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By late February 1991, he had charted the imperialist designs of the war, as he informed viewers of "Crossfire": "I believe that President Bush will do many stupid things in order to avoid looking stupid. He has said this is a fight against Hitlerism. He's put his entire credibility on knocking Saddam Hussein off his perch. He's trying to show what we say goes, America is the only super power, it will control the resources and governments of the Gulf and the Middle East."

On that same broadcast, he berated Sen. John McCain, R-Ariz., for taking the president's word about Desert Storm's aims. "You're a senator and if you're elected to take the government at his [sic] word, why do we need senators?" barked Hitchens. "Who needs a senator? Just send in your postcard, 'I back the President.' I mean, it's pathetic."

Insisting with his usual blustering certainty that Bush intended to depose Saddam and install a puppet government in Baghdad, Hitchens was soon proved completely wrong, of course. But although unfairly applied to McCain, the Hitchens complaint about senators who blindly underwrite war without assessing its consequences was prescient. Today, however, he wants to hear no such questioning.

A couple of years later, in a C-SPAN Booknotes interview, he mocked the wartime pretensions of the president: "Bush throughout that whole war and especially in the run up to it constantly compared himself to Churchill ... In the Senate debate for and against the war, the Churchill-Munich analogy was used more often even than Vietnam as a test of which side you were on. I wondered why it is in the United States people are such pushovers for this English mythology."

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But, he continued, "there was no way, however it was sliced, that Bush could come off as Churchill, as we now know. As a lot of us guessed at the time, the war with Saddam Hussein was a quarrel that had broken out between two business partners, Bush and Hussein, who were fighting over the spoils. They wanted to involve everyone else in it, and they wanted it to sound noble. They fooled a lot of people for some of the time, but the disillusionment with that war and the rhetoric with which it was fought is now pretty near total."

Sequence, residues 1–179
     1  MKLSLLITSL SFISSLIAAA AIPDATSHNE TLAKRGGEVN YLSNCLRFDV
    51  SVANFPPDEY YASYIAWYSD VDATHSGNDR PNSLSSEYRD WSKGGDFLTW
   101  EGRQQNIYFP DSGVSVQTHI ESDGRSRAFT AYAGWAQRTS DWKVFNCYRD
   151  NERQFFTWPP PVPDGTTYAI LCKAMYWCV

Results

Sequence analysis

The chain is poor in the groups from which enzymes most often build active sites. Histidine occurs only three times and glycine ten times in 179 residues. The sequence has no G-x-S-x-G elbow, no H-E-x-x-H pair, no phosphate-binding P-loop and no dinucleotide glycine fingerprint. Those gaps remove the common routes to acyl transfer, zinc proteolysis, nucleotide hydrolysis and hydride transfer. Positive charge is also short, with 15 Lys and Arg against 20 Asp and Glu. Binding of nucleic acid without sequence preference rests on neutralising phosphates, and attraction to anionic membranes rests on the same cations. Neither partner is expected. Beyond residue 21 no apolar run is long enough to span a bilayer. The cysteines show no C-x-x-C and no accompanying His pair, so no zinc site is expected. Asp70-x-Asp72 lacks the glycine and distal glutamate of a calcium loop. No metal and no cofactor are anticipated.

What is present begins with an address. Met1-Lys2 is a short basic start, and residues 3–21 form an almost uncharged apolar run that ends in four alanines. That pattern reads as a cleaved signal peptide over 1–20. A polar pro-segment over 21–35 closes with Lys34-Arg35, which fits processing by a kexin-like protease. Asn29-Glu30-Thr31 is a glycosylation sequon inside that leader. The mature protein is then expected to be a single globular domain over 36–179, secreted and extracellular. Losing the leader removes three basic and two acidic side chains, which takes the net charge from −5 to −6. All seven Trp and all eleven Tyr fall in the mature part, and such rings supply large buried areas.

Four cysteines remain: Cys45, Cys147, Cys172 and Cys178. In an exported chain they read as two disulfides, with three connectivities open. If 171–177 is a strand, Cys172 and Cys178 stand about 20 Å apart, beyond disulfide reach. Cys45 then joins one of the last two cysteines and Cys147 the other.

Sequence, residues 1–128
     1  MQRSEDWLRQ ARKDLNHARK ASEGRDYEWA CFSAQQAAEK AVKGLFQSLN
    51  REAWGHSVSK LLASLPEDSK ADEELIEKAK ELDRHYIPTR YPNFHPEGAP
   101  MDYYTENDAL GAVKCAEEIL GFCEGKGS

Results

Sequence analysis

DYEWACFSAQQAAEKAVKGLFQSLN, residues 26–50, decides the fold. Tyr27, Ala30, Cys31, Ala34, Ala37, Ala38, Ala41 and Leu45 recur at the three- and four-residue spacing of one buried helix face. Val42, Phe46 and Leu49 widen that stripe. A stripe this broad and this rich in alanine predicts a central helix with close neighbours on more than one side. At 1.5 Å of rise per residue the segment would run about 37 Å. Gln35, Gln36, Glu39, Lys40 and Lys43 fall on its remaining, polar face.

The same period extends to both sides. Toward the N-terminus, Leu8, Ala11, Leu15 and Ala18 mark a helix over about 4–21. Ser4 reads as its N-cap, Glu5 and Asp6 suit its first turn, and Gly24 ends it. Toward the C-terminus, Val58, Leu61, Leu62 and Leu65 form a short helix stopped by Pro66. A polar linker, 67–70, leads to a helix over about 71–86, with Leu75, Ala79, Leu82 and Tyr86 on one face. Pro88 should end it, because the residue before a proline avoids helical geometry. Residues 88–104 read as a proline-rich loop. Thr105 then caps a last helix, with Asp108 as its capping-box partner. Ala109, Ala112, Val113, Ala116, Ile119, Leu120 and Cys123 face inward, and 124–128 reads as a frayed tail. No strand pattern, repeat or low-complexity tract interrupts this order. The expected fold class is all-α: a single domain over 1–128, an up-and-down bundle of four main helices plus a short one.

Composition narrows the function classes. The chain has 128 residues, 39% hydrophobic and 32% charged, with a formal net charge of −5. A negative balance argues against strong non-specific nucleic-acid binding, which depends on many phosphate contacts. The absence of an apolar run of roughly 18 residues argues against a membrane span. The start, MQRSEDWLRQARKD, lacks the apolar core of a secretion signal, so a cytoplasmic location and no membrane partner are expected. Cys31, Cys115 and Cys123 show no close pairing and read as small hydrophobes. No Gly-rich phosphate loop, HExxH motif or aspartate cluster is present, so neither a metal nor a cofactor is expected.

That interview with the gentle Brian Lamb also included his assessments of two "rogues" whose political shifts elicited his scorn. Paul Johnson he described as "probably the classic instance of the guy who, having lost his faith, believes that he's found his reason, in other words, a defector." But he was even tougher on P.J. O'Rourke, who "gets away, in my opinion, with murder." Why? "He's another ex-leftist, '60s radical dropout ... Then saw the light, put on a collar and tie and became a young Republican and has been cashing in this chip ever since."

Further comment would be superfluous except to paraphrase the poet: You don't need a weathervane to know which way the snitch blows.

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Worm on the hook
Yesterday's bulletin on the ABC News site about Iowa was evidently correct. Tom Harkin has hired an attorney to investigate his campaign staff's misconduct, while his opponents now claim to have identified the man who taped their fundraising meeting.

He is said to be a Des Moines businessman who worked for Harkin briefly more than 25 years ago. Republicans, though, still haven't explained why a man who donated $50 and signed a volunteer card was invited, by direct mail, to their "private strategy" meeting.
[1:50 p.m. PDT, Sept. 27, 2002]